What's the Real Story of Paul Revere's Midnight Ride?

Sarah Palin recently claimed that Paul Revere's famous midnight ride was intended to warn British soldiers that Colonial Americans were on the attack. Revere, she told the press in Boston, "warned the British that they weren't going to be taking away our arms, by ringing those bells and making sure as he's riding his horse through town to send those warning shots and bells that we were going to be secure and we were going to be free and we were going to be armed."

This account, which she seemed to present as a sort of argument against gun control, clashes with the version most of us know — the one where Revere warned the Americans about the British (not the other way around) by riding to Lexington to notify patriot soldiers that the Red Coats were headed their way.

In follow-up interviews, Palin has refused to admit that she is in any way off the mark with her version of history. So, did she get the details of Revere's ride wrong?

Yes, for the most part. The Paul Revere House, a historical museum in Boston, officially summarizes the revolutionary ride thusly: "On the evening of April 18, 1775, Paul Revere was sent for by Dr. Joseph Warren and instructed to ride to Lexington, Massachusetts, to warn Samuel Adams and John Hancock that British troops were marching to arrest them … On the way to Lexington, Revere 'alarmed' the country-side, stopping at each house, and arrived in Lexington about midnight." [Read: How Do Other Countries Celebrate Their Independence?]

It's a different picture than the one Palin painted. However, historian Nina Zannieri, the director of the Paul Revere House, told us that there are grains of truth dispersed here and there in the former Alaskan governor's account, which she may have picked up during her recent visit to Boston's Old North Church.

Regarding Palin's comments about Revere warning the British, Zannieri said she may have been recalling an event that happened later in the night, well after Revere's midnight ride. "Revere was actually stopped and his horse was taken away and he was questioned by British soldiers," Zannieri told Life's Little Mysteries, a sister site of LiveScience. "In that instance he told them that there were a lot of [patriot soldiers] waiting for them. Some people would say this was a threat or a warning."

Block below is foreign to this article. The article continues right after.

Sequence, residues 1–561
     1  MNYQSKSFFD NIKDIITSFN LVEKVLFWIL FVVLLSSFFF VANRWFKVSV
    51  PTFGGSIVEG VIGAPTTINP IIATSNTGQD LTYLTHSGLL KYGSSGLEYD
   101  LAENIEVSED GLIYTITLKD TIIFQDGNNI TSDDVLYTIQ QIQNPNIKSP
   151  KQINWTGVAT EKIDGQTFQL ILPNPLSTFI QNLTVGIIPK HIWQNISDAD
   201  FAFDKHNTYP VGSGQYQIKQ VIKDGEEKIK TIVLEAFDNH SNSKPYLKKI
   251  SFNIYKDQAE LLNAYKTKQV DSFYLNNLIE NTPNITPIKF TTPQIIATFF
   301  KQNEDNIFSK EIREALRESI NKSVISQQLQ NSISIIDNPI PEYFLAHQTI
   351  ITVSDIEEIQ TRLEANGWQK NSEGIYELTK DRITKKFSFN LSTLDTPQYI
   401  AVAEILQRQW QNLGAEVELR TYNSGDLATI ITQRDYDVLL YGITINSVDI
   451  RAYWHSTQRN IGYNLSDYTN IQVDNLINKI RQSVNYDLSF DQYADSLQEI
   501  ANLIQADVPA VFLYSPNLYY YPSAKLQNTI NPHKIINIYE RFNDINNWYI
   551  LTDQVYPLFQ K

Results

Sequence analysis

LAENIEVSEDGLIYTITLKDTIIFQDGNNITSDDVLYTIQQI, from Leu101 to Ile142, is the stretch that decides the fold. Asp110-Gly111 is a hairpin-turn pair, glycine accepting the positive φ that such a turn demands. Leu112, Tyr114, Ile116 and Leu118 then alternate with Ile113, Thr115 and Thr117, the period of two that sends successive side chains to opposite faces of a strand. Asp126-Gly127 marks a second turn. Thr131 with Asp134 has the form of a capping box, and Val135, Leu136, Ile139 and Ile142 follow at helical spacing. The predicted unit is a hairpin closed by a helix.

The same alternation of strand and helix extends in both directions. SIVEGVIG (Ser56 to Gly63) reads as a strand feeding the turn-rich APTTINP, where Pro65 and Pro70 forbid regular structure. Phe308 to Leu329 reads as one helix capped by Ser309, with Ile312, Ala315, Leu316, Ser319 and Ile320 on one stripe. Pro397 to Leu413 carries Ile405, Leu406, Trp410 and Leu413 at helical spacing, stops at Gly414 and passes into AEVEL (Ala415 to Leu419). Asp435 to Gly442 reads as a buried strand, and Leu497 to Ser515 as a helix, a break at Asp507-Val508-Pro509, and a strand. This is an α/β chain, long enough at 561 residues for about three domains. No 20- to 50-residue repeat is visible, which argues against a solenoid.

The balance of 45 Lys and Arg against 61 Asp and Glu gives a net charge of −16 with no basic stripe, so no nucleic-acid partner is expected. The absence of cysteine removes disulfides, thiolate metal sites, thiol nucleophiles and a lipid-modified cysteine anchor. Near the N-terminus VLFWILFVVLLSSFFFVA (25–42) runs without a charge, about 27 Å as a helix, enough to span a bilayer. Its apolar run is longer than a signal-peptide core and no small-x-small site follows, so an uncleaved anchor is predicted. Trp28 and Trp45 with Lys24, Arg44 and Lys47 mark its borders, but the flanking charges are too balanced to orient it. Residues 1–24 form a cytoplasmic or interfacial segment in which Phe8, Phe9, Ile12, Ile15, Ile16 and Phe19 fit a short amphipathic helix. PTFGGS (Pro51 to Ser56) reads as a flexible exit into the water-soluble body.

Furthermore, Palin's comment about ringing bells during the ride might be a distortion of the fact that he was a bell ringer at Old North Church as a youth. "In some communities, bells were used to call an alarm, though not in [Boston]," Zannieri said. "In this instance, of course, Revere's ride was done at night and quietly so that it wouldn't be noticed. But by the time the militiamen were assembled on the Lexington Green" — i.e. the next morning — "it's possible bells might have been ringing."

For the same reason he probably didn't ring a bell as he rode, he likewise probably didn't shout, "The British are coming!" Aside from not wanting to draw unwanted attention from British troops, on April 18, Revere and his fellow alarm-riders would not have cried out "The British are coming!" as most of them still believed they were British at that point in time.

Palin's distortions of the facts probably aren't so unusual, Zannieri pointed out. "One thing I can say is that the whole midnight ride story is gotten wrong very often. People mistake events from Henry Longfellow's famous poem with what actually happened that night."

"It's easy for a non-historian to get history a little bit wrong," she continued, "and it seems like a lot of media attention for something that is probably not high on the Richter scale of importance."

This story was provided by Life's Little Mysteries, a sister site of LiveScience. Follow Natalie Wolchover on Twitter @nattyover

Natalie Wolchover

Natalie Wolchover was a staff writer for Live Science from 2010 to 2012 and is currently a senior physics writer and editor for Quanta Magazine. She holds a bachelor's degree in physics from Tufts University and has studied physics at the University of California, Berkeley. Along with the staff of Quanta, Wolchover won the 2022 Pulitzer Prize for explanatory writing for her work on the building of the James Webb Space Telescope. Her work has also appeared in the The Best American Science and Nature Writing and The Best Writing on Mathematics, Nature, The New Yorker and Popular Science. She was the 2016 winner of the  Evert Clark/Seth Payne Award, an annual prize for young science journalists, as well as the winner of the 2017 Science Communication Award for the American Institute of Physics.